Richard Herley The setting is feudal Sussex in the thirteenth century, a landscape and society that have changed almost beyond recognition. The power of the Church is at its zenith; yet the King, ruling by divine right, is sovereign, above all.
Ralf Grigg is the young son of a master carpenter whose business fails when Ralf is small. The family have come to live in the seaside village of Mape, where Ralf’s mother was born.
Ralf’s solitary evening walk along the sea-wall is interrupted by the distant sight of someone - a boy of about his own age - trapped in the mud of the saltmarshes. The tide is flooding. There is no time to fetch help.
The decision Ralf makes in that moment has profound and far-reaching consequences, not only for himself and his whole family, but for the lord of the manor, his sovereign, and the ruthless struggle for supremacy between Westminster and Rome.
Extent: 125,773 words (about 419 conventional pages)
Richard Herley May 1944: dawn in the Bay of Biscay. A U-boat lies crippled on the seabed. Within earshot of the warship that sank her, a solitary survivor breaks the surface. Injured, in shock, hypothermic, his life-vest torn, he cries out for help.
The captain is on the bridge and brings his binoculars to bear.
The order he gives sets off a train of consequences reaching down through the landscape of post-war, post-colonial Britain, changing not only his own life and the lives of his men, but those of civilians ashore and of children yet unborn.
Spanning seventy years, set in England and in Nigeria during the Biafran crisis, this is a sweeping, compulsive story about conscience and selfishness and the far-reaching damage that cruelty can do.
“The Drowning” is the latest novel from this award-winning author.
Extent: 125,200 words (about 417 conventional pages)
Richard Herley Annie and Laurence Trent are a young, professional couple living in a London suburb. Laurence is beset with worry: about money, about his job, about the economy and the future. He and Annie long to start a family but can’t afford to.
It is 18 December, 2009. Just before midnight, she urgently turns and wakes him. There are sounds of intrusion downstairs.
Laurence arms himself with the hammer they keep by the bed and ventures out to the landing.
He waits and listens at the rail; and with a surge of relief decides the thief or thieves have taken what they wanted and gone.
Then he realizes someone is still below: still below, and heading for the stairs.
Richard Herley This is a very black comedy indeed – but it is also a story of innocence, redemption and, above all, love.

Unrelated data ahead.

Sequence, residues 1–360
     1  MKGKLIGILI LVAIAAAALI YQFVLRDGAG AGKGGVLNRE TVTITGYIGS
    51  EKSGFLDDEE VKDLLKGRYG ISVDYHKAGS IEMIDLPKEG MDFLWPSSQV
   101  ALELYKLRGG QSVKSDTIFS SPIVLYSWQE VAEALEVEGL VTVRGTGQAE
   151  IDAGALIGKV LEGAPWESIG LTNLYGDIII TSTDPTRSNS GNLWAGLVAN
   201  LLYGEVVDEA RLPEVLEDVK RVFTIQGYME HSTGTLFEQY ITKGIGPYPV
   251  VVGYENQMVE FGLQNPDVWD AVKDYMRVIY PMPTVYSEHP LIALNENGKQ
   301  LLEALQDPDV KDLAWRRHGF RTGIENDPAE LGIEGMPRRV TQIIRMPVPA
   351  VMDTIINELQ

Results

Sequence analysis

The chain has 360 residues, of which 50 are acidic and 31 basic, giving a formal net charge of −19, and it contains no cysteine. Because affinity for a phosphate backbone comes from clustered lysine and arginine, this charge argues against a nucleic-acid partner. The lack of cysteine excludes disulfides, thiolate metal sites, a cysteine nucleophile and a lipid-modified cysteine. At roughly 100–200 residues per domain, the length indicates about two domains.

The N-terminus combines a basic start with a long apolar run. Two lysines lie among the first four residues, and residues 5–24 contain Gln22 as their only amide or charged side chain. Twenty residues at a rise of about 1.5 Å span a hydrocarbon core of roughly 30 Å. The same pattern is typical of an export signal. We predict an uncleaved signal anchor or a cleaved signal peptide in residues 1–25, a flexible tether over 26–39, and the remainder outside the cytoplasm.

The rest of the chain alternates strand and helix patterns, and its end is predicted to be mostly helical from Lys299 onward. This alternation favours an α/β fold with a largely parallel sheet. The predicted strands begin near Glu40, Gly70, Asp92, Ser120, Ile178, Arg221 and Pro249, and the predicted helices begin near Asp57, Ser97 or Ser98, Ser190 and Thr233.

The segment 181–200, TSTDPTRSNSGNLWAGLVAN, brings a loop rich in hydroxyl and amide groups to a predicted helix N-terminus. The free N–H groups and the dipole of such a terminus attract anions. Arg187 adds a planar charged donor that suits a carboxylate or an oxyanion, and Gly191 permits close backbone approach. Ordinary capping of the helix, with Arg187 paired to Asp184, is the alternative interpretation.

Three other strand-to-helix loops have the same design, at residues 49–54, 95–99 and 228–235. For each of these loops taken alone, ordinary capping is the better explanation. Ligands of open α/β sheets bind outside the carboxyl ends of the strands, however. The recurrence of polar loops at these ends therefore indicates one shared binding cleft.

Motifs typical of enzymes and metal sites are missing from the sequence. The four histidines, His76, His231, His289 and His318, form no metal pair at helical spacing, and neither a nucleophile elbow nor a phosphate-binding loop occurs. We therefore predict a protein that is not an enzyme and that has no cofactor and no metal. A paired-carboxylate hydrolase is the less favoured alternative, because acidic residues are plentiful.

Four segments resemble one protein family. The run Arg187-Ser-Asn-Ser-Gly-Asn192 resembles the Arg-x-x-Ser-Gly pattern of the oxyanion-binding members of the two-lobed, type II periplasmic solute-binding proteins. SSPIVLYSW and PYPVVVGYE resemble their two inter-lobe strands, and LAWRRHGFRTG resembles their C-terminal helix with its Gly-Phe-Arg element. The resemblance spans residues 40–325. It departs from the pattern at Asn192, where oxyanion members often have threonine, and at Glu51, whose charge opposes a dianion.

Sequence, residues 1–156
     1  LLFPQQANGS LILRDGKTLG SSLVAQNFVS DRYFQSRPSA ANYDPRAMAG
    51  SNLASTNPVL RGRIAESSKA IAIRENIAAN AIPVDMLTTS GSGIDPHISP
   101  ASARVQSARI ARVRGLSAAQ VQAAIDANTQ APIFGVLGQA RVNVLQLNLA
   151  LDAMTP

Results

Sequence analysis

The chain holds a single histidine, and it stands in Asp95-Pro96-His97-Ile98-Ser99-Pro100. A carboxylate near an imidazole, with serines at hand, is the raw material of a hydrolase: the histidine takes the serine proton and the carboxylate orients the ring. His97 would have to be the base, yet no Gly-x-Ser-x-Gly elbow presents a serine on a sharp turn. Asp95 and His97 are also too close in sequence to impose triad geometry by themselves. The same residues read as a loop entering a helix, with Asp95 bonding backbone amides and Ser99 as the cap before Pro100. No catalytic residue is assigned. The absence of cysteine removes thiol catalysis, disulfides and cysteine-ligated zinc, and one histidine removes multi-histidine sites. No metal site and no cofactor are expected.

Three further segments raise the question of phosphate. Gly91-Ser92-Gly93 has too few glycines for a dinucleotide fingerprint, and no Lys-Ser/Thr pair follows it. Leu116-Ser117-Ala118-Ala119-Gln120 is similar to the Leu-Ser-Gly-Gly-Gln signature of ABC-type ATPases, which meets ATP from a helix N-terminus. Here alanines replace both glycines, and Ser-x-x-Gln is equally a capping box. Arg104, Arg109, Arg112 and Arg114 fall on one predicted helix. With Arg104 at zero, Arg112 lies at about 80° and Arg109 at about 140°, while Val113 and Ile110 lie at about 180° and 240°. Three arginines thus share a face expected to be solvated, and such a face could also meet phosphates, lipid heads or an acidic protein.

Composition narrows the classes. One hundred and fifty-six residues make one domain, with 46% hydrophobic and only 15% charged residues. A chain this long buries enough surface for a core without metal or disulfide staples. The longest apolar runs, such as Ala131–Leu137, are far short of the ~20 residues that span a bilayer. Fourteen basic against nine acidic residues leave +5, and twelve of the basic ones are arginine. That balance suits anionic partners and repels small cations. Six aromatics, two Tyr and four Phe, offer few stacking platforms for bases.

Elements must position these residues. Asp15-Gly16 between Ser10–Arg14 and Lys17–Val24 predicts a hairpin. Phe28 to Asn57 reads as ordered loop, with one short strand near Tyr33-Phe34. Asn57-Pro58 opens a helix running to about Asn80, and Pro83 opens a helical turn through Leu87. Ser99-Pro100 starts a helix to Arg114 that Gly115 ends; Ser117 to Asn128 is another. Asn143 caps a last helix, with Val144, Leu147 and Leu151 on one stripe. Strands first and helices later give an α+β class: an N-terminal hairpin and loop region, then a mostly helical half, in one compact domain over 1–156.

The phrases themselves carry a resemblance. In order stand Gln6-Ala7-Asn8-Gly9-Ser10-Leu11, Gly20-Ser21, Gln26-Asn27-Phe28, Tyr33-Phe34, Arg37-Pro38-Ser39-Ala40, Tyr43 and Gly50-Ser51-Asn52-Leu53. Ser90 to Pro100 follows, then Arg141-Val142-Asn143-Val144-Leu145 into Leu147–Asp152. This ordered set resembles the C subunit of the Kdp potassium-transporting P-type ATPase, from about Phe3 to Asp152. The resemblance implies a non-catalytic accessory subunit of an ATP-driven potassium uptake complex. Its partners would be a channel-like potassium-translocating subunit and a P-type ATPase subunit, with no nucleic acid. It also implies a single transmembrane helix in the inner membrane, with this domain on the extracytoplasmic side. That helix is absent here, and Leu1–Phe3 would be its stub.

The setting is England in 1955. Nigel Dodd is 23. Still living at his parents’ home, he is heir to the family business, a thriving estate agency. Unknown to Nigel, his father is embroiled in an ambitious and crooked land deal involving corrupt politicians at the County Council.
Brenda Vale is 26, a nurse, highly intelligent and extremely pretty, with a newly acquired German girlfriend named Grete. One of Brenda’s unrealized ambitions is to “find and marry some pliable man with money”. Circumstances bring her into the Dodd household; Grete’s permission to stay in the UK unexpectedly runs out, and suddenly Brenda is in need of hard cash and plenty of it.
Nigel could hardly be more pliable. Nor could he be more infatuated. The future looks black for him and bright for Brenda and Grete: but looks can be deceptive, and when the land deal goes horribly wrong Brenda must use all her wiles to keep her scheme on track.
Richard Herley Eleven years on from a bitter divorce, Adrian Stowell is becoming not only a hermit but a misanthrope. He has vowed never to get caught again, to concede to another woman influence over himself and his property, and has surrounded himself with a wall of cynicism and mistrust.
One June morning he is working in his front garden. An attractive neighbour, not long arrived in the Hampshire village where Adrian lives, comes through the gate. He has never seen her before and might never have met her but for the fact that her cat has gone missing.
He accepts the flyer she offers him and promises to search his outhouses. Her eyes are kind; she smiles at him, and from then on Adrian can’t stop thinking about her.
This is a story about the alienation wrought by the increasing fragmentation of modern society and the difficulty one modern man has in adjusting to it. He struggles besides with the sort of masculine mindset which was once critical to the rise of civilisation, but whose value is becoming more and more derided, even despised.
It is also an unsentimental love story touching upon loneliness and bereavement and, above all, the magical power of forgiveness.